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I know I may be going out on a limb here, but maybe he could have put the oil in there? I mean...sure he may be the best, but who's to say he's the most honest? Hey, they used to do a lot tricks like that and more back in the 40's and 50's to unaware motorists that temporarily left their cars to use the bathroom or stop in a cafe to grab a bite. Buster Burris, the man that owned Amboy on old Hwy 66, told me that a station owner that used to be across the highway from him used to do that to cars back in the 40's and 50's...and make a lot of money doing it, too! What would happen is that this other station owner's mechanics would squirt some oil around the main seal or some transmission fluid or grease around the trans and then tell the motorist that the engine had a bad leak and that they wouldn't make it across the desert in that condition. The motorist had no choice but to have it repaired since Amboy was out in the middle of the Mohave Desert.

Sounds crazy, but I don't have a lot of trust for mechanics and truly believe that a lot of these dirty tricks are still practiced today. I'm not saying all are like that, but many are. Anything to make a quick buck.

AmboyCA1948.jpg

Amboy 1948

AmboyCA1947.jpg

Buster's Place

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The only odd thing to me is that excessive oil would somehow mess up an armature or the field coils. Sure, it could gunk up the brushes and the armature but that's easily cleaned off.

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It does sound odd. I can see that the oil cups could malfuntion and spill too much into the gen but either someone put oil in while there was no soak cloth in the cups or it went straight through some other way. Even then it would take a great deal to make the gen not work complelty like mentioned. The brush's could get soaked and not work but the rest would. I like to use contact cleaner on items like this even when running. Use it on drills, you name it. Anything with a electric motor. Problem for me is finding the stuff. They took the good stuff off the shelf because of the ozone factor but Radio Shack has a similer cleaner. Problem with it is you pay way to much for the 3 inch tall can and it has a lubricant in it that I'd rather not have. Leaves a mess instead of a dry clean item but it still works. Your genny sounds like one of those deals where if they had told me the same thing I would have taken it home and broken it down to have a looksee for myself before going any further. Think of it this way, when you wash the engine bay it gets covered with degreaser and a lot of water under pressure. Doesnt mess up when you crank it up then does it? Wear and tear is a genny's basic reasons for quiting on you. Old man time takes his toll but oil? Just doesnt sound right. Second opinion or time to get that one wire alternator.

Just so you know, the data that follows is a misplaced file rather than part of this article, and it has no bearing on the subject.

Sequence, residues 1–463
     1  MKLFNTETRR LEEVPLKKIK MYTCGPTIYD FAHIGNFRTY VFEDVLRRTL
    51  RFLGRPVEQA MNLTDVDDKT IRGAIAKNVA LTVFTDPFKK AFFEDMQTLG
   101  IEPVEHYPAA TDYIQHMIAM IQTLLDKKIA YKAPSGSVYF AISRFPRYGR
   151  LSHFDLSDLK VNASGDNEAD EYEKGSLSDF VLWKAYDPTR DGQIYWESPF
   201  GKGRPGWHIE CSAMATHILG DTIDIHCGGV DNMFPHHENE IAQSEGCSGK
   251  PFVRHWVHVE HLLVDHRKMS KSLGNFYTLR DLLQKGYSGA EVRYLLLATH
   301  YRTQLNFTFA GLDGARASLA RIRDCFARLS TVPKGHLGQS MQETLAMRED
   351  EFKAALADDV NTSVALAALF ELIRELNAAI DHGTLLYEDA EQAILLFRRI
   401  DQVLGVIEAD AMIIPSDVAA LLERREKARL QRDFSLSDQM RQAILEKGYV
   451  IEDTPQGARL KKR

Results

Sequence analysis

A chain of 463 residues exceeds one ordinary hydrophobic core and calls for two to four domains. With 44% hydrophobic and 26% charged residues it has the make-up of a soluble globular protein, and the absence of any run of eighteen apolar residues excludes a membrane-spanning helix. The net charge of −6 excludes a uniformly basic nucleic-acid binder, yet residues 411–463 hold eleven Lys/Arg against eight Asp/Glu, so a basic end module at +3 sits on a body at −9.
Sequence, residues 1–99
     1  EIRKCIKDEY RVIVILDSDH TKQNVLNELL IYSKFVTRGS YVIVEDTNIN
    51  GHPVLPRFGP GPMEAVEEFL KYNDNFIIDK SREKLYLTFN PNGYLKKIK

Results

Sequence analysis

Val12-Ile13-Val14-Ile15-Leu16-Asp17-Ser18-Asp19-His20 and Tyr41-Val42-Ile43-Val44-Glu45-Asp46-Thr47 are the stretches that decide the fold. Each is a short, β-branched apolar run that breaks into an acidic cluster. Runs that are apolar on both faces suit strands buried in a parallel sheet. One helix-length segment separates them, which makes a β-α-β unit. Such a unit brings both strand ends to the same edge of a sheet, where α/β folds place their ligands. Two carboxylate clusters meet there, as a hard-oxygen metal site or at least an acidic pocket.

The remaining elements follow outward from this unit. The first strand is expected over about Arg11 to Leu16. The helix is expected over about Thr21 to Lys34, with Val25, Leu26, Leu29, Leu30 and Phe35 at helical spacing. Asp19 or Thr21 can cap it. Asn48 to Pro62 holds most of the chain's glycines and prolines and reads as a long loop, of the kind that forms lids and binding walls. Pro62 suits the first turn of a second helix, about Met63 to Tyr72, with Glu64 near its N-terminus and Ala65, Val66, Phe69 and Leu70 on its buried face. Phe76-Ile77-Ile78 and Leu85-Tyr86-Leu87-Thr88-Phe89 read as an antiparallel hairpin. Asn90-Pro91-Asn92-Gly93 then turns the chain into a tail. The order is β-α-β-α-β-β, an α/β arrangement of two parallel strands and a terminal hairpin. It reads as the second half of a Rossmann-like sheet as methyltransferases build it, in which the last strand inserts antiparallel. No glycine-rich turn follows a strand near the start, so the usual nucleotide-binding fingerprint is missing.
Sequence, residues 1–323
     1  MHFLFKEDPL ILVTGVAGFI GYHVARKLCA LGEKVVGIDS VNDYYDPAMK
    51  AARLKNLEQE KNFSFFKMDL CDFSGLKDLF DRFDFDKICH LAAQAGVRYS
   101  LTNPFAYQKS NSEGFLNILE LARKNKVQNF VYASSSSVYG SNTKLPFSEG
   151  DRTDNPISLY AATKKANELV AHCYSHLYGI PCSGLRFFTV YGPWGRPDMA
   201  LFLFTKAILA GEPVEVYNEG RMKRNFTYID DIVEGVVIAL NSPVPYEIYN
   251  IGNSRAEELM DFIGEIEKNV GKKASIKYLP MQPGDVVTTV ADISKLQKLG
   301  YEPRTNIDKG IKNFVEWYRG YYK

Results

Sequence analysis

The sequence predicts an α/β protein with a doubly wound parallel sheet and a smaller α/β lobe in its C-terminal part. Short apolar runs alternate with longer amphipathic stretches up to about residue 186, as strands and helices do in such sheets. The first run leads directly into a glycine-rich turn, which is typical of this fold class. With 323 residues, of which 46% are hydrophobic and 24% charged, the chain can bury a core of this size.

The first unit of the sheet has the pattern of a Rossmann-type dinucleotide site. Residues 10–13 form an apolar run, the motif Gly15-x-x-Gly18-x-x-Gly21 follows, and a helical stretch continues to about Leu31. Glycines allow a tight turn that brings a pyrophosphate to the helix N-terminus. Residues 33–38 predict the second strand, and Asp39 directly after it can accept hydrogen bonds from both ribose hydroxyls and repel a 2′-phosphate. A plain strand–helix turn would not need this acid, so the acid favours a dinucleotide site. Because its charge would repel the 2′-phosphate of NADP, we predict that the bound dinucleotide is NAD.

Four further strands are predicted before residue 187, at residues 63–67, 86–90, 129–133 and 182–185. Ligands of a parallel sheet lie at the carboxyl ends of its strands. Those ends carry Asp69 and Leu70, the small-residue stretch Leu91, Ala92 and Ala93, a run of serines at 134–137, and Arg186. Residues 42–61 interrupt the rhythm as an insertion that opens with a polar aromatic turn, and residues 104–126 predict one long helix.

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Last time I saw the motor in Robert's car, there wasn't a lot of oil leakage evident. Now, there was a recent valve job, and it could be that in refilling the crankcase some oil got spilled onto the generator, and if that metal band were missing it could have pooled inside the case. Other than gunking up the brushes and armature, it should not have stopped the generator from generating.